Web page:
Du Bois’ work provides invaluable insights into the nature of reflexivity and self for the racialised 'other', which traditional, classic sociology has often overlooked. Whilst efforts to decolonise sociology continue, such as by including theorists such as Du Bois, there still has not been a sustained effort to dismantle and reconfigure an overwhelmingly white sociological canon still prevalent in European sociology (Meer 2019).
In his seminal work, The Souls of Black Folk (1903 ), Du Bois centres discussion of belonging, identity and self-awareness for racialised minorities through concepts of the ‘Veil’ and ‘double consciousness’. Du Bois’ analogy of the Veil is that of a racial barrier which is made of material in the divided experiences and inequality between the white majority and African-American minorities in the USA. For Du Bois, the Veil’s semi-transparency lends itself to the duality experienced by the racialised ‘other’: a double consciousness or a ‘two-ness’ which incorporates a ‘sense of always looking at one’s self through the eyes of others’ (p.8).
In my Identities article, 'Examining BSA Muslim women’s everyday experiences of veiling through concepts of ‘the veil’ and ‘double consciousness’, the focus is on a reflective aspect of living behind the V/veil and the effects of double consciousness on gendered and racialised bodies. Here the capitalisation of the Veil is used to denote Du Bois’ descriptions of a divided world, whilst the non-capitalised use of veil (along with discussion on veiling, veiled) refers to the wearing of the hijab or niqab, as well as ways women discuss veiling practices.
On April 15, 2013, two pressure-cooker bombs exploded at the finishing line of the Boston Marathon, killing five and injuring 264. In the absence of information about who the bombers were, Salon.com published liberal commentator David Sirota’s piece 'Let’s Hope the Boston Marathon Bomber is a White American'. Sirota argued that if the bombers turned out to be white, Muslims would be protected from an inevitable anti-Muslim backlash. A few days later, the bombers’ identities were revealed as brothers Tamerlan and Dzhokhar Tsarnaev, children of Chechen refugees who came to the United States when they were 16 and 8 years old, respectively. Interestingly, the brothers were phenotypically white and, as conservative commentators online were fond of saying, quite literally Caucasian (i.e. from the Caucuses). They were also, however, Muslims.
Sirota’s article provoked a firestorm across conservative media, and Sirota was accused of being race obsessed and blind to the threat of Jihadist terrorism. In our Identities article, '‘Let’s hope the Boston Marathon Bomber is a White American’: racialising Muslims and the politics of white identity', we analysed conservative responses to Sirota’s article, as well as the ensuing debate about whether the Tsarnaevs were, in fact, the white Americans Sirota had hoped for.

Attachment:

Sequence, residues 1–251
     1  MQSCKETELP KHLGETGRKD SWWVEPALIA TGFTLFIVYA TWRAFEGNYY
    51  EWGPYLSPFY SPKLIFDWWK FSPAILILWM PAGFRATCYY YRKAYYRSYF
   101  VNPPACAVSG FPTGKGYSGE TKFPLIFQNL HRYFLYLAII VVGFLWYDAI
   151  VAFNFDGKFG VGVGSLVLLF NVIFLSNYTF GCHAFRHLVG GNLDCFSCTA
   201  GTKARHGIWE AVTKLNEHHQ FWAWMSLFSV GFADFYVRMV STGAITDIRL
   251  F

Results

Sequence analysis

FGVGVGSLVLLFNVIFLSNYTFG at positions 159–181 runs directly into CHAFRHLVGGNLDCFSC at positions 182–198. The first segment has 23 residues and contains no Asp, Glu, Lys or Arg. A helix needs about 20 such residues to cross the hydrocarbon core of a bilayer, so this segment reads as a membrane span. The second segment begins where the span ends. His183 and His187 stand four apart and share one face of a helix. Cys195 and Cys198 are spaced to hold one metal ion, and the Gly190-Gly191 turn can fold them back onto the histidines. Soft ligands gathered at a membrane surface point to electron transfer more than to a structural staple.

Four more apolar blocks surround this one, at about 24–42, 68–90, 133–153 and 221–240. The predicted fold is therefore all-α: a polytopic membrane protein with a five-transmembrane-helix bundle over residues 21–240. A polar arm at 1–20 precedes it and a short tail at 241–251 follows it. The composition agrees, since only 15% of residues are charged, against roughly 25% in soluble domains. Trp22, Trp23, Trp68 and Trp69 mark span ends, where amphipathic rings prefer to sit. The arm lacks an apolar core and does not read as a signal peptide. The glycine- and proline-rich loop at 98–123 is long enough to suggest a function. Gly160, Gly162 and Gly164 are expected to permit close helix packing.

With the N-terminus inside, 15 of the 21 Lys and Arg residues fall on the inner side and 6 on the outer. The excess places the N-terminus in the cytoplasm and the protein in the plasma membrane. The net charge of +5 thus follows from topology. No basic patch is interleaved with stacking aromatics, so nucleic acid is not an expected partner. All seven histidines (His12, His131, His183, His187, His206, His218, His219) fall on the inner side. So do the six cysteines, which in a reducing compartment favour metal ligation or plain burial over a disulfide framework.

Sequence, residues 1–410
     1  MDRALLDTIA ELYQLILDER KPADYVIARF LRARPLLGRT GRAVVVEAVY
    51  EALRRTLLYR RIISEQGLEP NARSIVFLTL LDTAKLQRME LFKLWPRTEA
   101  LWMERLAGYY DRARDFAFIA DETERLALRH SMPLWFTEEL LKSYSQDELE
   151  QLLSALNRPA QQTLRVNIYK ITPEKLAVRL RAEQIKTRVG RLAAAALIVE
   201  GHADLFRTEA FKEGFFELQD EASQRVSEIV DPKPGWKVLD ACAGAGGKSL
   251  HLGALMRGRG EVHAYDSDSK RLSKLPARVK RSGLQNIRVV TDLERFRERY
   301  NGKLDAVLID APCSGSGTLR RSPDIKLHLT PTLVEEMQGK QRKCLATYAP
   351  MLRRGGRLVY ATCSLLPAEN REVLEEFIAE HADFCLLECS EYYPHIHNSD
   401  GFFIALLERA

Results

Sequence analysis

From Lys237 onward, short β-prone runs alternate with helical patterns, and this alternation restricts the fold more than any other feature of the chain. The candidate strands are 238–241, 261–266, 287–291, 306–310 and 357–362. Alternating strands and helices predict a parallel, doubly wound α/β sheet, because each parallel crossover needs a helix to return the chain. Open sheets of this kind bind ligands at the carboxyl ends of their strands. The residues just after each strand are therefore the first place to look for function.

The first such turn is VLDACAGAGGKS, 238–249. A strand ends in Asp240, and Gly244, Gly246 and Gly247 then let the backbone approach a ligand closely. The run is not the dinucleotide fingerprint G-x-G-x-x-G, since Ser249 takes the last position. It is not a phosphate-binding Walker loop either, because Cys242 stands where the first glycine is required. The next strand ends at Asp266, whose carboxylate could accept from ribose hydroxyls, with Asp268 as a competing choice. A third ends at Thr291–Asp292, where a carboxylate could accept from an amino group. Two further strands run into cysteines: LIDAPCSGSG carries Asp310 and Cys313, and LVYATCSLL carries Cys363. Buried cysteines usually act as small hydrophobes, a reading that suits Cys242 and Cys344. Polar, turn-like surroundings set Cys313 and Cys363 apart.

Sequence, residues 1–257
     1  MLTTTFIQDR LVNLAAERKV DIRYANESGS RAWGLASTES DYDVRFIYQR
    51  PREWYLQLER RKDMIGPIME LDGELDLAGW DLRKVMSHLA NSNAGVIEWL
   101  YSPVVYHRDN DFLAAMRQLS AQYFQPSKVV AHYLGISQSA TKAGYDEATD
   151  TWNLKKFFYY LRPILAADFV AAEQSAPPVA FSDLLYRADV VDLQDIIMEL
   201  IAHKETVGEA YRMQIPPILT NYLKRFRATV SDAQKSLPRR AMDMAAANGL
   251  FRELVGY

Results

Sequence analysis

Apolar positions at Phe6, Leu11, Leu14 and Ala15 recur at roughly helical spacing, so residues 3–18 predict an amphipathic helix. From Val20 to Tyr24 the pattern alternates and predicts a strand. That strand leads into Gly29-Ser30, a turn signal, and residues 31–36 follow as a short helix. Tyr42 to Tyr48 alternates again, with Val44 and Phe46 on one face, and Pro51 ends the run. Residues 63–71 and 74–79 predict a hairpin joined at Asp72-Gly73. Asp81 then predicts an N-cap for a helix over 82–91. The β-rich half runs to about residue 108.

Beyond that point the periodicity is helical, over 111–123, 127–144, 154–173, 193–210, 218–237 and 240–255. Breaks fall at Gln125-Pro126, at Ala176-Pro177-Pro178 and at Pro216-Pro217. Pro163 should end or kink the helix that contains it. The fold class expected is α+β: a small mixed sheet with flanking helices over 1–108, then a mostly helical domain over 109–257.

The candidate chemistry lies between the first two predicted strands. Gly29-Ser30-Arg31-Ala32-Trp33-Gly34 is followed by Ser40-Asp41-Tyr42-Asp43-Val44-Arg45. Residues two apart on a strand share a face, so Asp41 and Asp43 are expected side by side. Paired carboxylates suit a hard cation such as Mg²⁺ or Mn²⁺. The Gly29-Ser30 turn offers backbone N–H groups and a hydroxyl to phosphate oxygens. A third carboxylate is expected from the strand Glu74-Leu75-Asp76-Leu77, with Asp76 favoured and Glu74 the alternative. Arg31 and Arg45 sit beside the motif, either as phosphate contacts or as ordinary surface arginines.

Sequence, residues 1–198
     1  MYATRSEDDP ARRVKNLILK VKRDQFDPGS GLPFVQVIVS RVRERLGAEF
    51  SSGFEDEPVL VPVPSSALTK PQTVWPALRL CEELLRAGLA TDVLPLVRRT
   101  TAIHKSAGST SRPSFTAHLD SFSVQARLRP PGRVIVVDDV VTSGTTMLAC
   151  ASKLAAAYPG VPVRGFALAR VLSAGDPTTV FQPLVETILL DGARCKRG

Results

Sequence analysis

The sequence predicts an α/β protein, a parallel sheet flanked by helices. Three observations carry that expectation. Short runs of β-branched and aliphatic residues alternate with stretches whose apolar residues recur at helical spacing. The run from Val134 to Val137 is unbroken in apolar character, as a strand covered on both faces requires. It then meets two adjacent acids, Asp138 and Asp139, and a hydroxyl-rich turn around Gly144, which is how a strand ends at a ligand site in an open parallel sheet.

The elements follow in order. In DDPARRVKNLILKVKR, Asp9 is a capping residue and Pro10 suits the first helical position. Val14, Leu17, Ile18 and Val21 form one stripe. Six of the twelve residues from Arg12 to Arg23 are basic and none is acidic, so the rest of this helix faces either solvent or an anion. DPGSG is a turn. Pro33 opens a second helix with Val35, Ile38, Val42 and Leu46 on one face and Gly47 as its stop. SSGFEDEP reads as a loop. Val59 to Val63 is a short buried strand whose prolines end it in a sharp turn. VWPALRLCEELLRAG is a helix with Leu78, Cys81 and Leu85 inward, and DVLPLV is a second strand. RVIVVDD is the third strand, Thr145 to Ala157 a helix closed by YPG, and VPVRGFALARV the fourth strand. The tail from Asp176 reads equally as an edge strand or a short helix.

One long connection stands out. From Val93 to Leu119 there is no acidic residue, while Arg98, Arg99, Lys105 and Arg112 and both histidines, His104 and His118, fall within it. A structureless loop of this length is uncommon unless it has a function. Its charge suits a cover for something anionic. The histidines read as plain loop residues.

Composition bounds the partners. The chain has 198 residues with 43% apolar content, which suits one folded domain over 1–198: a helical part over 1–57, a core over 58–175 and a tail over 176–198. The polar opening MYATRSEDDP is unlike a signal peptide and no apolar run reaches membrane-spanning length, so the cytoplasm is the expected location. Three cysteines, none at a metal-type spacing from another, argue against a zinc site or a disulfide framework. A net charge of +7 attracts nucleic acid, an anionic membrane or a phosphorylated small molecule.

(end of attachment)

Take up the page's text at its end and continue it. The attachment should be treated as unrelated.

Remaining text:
The narratives presented in British public debates around terrorism have been long rooted in notions of increased presence of Islam in the public square as intuitively resulting in greater risk to the public. The most significant question this raises is who the ‘public’ refers to when discussing issues around securitisation. The recent horror of Christchurch represents something of an inverted scenario with the positioning, and following it we saw a series of Islamophobic attacks on mosques in Birmingham.
The connection between global and local events is significant because it explicitly requires us to engage in a process which, we argue in our Identities article, 'Securing whiteness?: Critical Race Theory (CRT) and the securitization of Muslims in education', is often absent. Our purpose in the article was to explore some of the ways in which Muslim communities are racialised and instrumentalised, rather than protected. Getting to grips with how Muslims have been located as stakeholders in national security in Britain is revealing.
A large part of the Prevent counter-terror strategy relies on partnerships with Muslim communities. So in many senses British Muslims are the key stakeholder group in the securitisation process -- so how does it play out for them? How are their interests reflected in exchange for engaging in these partnerships with the state?
When Eurosceptics become Europhiles: far-right opposition to Turkish involvement in the European Union
‘Turkey in means Britain out’: this was one of Nigel Farage’s rallying calls during the Brexit campaign, and these ideas were echoed by numerous others within politics and the media during the referendum. A topic which has long proved controversial among Europe’s elites, Turkish involvement in the European Union has seen renewed interest and opposition over recent years in the context of the so-called ‘migrant crisis’, the 2016 EU-Turkey statement, rising Euroscepticism and the mainstreaming of Islamophobia.
Much of the scholarship has suggested that hostility towards Turkey is associated with the construction of European identity. However, while this notion works for those supportive of the EU, the same cannot be said for those who explicitly reject Europe. How and why, therefore, do openly Eurosceptic parties fervently defend the idea of ‘Europeanness’ in order to reject Turkish involvement in the EU?
My Identities article, 'When Eurosceptics become Europhiles: far-right opposition to Turkish involvement in the European Union', explores this question by analysing articles from the official party websites of the United Kingdom Independence Party (UKIP) and the Front National/Rassemblement National (FN/RN) over a five-year period (2013-18). Drawing on theories of Islamophobia and Orientalism, the findings highlight that the construction of Turkey as a dangerous other does not constitute a new phenomenon linked to EU integration, but instead forms part of a longer tradition of racism towards ‘the Orient’.